The Kofi Annan International Peacekeeping Training Centre (KAIPTC), in collaboration with the Danish Institute for International Studies (DIIS), the Danish Institute Against Torture (DIGNITY), and the University of Ghana, has launched the Domestic Security Implications of Peacekeeping (D-SIP) project.
The objective of the five-year project is to understand the linkages between peacekeeping contributions, domestic security provision and drivers of stability in Ghana.
Contributing personnel to United Nations (UN) peacekeeping had been central to Ghana’s foreign policy and essential in shaping the country’s security sector.
However, with the police and military still facing considerable challenges at home, and with the prospect of funding for UN peacekeeping missions being cut, Ghana’s domestic stability might be affected.
Ghana has continuously made contributions to UN peacekeeping since the 1960s; starting just three years after independence in 1957, and maintaining its role in peacekeeping throughout its many unconstitutional changes of government, including military coups. Ghana has served in over sixty missions across the world.
The D-SIP project recommends that peacekeeping experiences should be used more forcefully to create accountability among Ghana’s security forces.
It also recommended that there should be a comprehensive review of Ghana’s approach to international peacekeeping, with a view to understanding and articulating more clearly, the relationship between strategic foreign-policy objectives and the provision of domestic security.
Mr Henry Quartey, Deputy Minister of Interior, who formally launched the project in Accra, said with regards to all peacekeeping missions, Ghanaian Police, Military and Correction officers had been commended for their immense commitment and dedication to duty.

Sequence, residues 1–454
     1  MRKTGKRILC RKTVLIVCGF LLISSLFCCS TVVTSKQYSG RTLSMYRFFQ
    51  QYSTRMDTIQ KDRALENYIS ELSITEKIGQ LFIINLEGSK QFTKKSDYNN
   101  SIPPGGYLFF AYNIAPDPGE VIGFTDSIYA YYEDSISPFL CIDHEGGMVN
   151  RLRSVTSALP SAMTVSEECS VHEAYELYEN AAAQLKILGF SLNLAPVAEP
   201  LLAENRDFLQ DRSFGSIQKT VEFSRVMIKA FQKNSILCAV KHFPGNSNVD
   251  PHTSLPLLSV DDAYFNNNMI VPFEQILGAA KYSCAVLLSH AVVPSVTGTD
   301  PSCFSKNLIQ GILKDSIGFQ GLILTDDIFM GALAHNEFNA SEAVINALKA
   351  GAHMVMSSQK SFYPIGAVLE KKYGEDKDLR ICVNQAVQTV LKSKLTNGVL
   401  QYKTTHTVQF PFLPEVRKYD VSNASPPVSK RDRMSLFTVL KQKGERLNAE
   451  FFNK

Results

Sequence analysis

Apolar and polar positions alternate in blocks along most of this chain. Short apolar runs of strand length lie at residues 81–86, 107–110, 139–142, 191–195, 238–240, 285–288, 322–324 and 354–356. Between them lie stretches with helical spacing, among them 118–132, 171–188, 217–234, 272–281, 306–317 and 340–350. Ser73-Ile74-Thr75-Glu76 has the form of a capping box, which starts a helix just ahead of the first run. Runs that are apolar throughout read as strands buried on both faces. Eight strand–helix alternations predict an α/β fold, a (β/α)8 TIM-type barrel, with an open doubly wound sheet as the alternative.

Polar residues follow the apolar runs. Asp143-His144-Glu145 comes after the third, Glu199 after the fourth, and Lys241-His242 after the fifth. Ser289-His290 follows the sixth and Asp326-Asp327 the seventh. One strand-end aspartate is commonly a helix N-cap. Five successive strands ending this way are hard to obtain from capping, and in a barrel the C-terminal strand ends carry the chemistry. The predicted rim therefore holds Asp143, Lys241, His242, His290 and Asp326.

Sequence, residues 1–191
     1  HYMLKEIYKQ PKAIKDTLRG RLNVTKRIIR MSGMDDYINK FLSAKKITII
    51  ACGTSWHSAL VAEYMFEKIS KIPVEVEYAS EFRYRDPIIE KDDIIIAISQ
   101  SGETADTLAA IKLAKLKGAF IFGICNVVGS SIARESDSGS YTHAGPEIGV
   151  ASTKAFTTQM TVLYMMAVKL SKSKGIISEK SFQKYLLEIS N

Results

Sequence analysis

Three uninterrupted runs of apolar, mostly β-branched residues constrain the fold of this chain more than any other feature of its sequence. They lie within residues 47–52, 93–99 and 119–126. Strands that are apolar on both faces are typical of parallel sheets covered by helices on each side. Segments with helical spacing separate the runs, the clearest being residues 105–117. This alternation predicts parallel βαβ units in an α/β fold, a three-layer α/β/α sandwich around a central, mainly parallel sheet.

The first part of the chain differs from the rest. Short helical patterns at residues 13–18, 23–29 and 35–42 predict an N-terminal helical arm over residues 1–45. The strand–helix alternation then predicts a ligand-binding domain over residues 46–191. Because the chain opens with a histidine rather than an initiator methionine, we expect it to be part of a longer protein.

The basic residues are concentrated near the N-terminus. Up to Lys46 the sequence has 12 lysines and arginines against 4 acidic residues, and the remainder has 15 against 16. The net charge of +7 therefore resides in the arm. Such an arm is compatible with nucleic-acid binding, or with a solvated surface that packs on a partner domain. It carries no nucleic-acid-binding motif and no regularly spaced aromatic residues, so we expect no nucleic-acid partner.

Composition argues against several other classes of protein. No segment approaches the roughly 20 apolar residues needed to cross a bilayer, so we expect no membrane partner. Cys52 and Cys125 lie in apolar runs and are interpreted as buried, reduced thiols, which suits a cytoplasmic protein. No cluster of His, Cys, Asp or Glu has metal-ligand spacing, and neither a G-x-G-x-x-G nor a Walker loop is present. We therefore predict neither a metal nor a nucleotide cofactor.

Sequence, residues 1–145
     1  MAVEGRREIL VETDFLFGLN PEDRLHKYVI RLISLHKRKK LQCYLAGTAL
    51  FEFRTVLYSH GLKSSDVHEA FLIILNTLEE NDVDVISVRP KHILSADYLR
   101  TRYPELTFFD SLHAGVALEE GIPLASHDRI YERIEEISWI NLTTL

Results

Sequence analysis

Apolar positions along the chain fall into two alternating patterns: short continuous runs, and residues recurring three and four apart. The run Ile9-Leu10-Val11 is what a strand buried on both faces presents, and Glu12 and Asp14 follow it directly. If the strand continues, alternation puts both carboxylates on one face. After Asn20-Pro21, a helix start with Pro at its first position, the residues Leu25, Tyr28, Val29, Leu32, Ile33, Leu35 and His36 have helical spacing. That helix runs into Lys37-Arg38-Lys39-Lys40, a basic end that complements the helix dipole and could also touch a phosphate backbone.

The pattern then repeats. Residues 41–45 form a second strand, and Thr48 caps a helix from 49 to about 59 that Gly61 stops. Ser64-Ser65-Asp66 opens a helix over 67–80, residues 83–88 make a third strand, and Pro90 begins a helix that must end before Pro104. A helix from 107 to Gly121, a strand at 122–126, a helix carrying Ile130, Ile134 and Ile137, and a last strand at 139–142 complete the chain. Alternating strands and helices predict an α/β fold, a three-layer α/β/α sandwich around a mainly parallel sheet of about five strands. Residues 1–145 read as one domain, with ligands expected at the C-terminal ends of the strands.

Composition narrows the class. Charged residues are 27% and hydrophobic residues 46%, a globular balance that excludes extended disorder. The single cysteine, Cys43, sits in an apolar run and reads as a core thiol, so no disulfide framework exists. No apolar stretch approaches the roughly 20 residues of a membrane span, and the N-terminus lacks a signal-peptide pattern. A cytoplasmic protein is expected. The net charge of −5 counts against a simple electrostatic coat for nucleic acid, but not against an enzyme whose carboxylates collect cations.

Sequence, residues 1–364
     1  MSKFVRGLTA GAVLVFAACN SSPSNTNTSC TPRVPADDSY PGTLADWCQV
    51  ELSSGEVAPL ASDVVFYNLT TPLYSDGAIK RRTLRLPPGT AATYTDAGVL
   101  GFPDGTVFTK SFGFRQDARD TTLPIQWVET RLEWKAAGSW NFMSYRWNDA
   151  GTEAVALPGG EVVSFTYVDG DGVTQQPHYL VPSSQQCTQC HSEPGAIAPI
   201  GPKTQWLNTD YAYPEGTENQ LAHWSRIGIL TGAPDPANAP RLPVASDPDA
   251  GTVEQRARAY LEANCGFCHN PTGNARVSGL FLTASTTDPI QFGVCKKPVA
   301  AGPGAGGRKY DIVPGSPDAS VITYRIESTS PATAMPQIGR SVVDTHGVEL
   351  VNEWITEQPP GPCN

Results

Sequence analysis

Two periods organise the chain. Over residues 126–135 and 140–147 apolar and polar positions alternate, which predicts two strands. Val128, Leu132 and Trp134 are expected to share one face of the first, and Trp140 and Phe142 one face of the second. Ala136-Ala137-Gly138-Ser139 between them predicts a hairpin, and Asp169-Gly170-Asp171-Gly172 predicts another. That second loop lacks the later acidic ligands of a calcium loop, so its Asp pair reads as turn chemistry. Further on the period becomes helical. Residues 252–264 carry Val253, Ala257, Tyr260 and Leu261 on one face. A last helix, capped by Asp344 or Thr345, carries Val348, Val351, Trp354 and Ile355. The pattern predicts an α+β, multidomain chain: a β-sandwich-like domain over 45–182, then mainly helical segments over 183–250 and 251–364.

He said Ghana’s role in international peace and security was influenced by its foreign policy objectives, which were based on the promotion of friendly relations and economic cooperation with other countries, good neighbourliness, and a commitment to maintaining international peace and security.
Mr Quartey added that Ghana’s involvement in international security was based, not only on the concern for re-establishing security in the conflict affected country, but also the fact that these conflicts could potentially spill over into Ghana’s territory and affect domestic development and security policies.
Air Vice Marshall (AVM) Griffith S. Evans, Commandant of KAIPTC, said despite changing governments and the state of the domestic economy, Ghana had demonstrated its commitment to contribute to international peacekeeping and continues to play a vital role as a peacekeeping pioneer.
He said Ghana was characterized by rapid economic growth and democratic consolidation; a stable country in an unstable region faced with long-term and emerging security threats, including the effects of refugee flows and insurgent groups.
“It is a hypothesis of the project that Ghana’s sustained contribution to peacekeeping missions and conflict prevention depends on maintaining this status”, he added.
AVM Evans said Ghana therefore, provides insight into linkages between contributing peacekeepers, building legitimate security institutions at home as well as drivers of regional stability.
Dr Peter Albrecht, DSIP Project Coordinator, said Ghana’s contribution in peacekeeping missions had really shaped and transformed the country’s security sector.
He noted that the $1.67million project therefore, seeks to highlight the operations of peacekeepers outside the country and how they are able to make an impact with their experience, when they return home.
He said the project, which was being funded by the Danish Government runs from August 2018 to July 2013; and involves lots of research activities and fieldworks.